When I first started blogging nine years ago, it was a chance for me to write out the details of our home renovations on the mess that was our Fort Wayne home. We bought a foreclosure with plans to tranform a huge hodgepodge of a house into the home of our dreams, and over the course of the next three years of blogging, we did make significant improvements on the house, turning it into a place that was safe for our kids and comfortable enough for entertaining that we weren’t embarrassed to have family over for Thanksgiving and Christmas gatherings.
Starting a new blog when we moved to Texas was about changing the focus of my writing. I wanted to take the emphasis off of being “frazzled” by the world around me and instead talk about the unexpected in my life journey. Using that as a theme would allow me to not just reflect on the changes our family would experience while we were making transitions, but to also legitimately focus on bigger issues that impacted our lives, the lives of our children, and the lives of those around us. It was also a move towards taking my writing more seriously, although I was far from dreaming of publishing outside of that space.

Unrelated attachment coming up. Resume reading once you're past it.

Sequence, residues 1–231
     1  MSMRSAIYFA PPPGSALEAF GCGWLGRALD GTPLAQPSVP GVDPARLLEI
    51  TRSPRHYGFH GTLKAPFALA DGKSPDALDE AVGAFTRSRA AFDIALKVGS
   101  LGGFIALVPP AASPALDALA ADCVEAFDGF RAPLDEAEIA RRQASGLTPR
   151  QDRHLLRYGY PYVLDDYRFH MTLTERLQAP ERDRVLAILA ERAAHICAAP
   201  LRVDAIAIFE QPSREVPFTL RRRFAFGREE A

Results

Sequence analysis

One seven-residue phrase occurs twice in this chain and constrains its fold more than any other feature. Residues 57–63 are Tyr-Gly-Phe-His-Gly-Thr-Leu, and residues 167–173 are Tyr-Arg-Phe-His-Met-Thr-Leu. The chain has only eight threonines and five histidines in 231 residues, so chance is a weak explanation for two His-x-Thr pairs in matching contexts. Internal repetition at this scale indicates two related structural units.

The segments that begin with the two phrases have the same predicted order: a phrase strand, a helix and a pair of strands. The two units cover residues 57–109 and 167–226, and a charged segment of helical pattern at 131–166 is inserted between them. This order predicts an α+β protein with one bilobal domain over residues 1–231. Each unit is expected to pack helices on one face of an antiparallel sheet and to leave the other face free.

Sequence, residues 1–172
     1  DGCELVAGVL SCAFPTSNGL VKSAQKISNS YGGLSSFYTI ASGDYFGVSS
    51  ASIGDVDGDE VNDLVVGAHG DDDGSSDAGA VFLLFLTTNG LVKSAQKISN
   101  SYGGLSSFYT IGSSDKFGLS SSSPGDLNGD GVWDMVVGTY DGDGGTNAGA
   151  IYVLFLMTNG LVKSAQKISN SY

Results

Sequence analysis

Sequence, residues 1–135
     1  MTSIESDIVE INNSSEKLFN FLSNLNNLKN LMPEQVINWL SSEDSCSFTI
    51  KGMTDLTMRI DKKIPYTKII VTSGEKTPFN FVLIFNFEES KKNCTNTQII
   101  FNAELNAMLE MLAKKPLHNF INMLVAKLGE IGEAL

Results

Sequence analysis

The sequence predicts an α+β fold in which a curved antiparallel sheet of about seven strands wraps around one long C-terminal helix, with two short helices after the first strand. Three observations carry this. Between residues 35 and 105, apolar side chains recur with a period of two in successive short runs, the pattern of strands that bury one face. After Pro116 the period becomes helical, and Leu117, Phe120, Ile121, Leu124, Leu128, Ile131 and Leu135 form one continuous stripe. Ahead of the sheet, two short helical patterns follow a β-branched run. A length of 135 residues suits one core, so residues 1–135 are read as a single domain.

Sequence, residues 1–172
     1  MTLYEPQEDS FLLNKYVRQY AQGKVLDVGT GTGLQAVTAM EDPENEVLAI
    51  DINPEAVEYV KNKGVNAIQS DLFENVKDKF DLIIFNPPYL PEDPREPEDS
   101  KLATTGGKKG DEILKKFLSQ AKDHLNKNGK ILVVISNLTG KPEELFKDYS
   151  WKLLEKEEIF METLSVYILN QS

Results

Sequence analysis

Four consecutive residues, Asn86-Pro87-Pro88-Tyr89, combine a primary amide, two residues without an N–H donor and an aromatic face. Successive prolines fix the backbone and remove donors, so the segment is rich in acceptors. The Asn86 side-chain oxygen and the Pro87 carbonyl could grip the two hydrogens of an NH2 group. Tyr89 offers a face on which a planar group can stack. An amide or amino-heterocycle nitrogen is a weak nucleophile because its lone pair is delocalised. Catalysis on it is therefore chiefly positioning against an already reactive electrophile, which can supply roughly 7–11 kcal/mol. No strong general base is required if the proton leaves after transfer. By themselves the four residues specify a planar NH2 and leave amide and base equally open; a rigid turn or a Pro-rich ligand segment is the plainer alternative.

It was probably not the best approach to developing a writing niche, but it readily acknowledged that I was not just one thing. There was more to me than either/or. And as a woman trying to balance the vocations of wife, mother, and teacher, my blog gave me a place to freely write and publish without the fear of being rejected by all manner of online publications.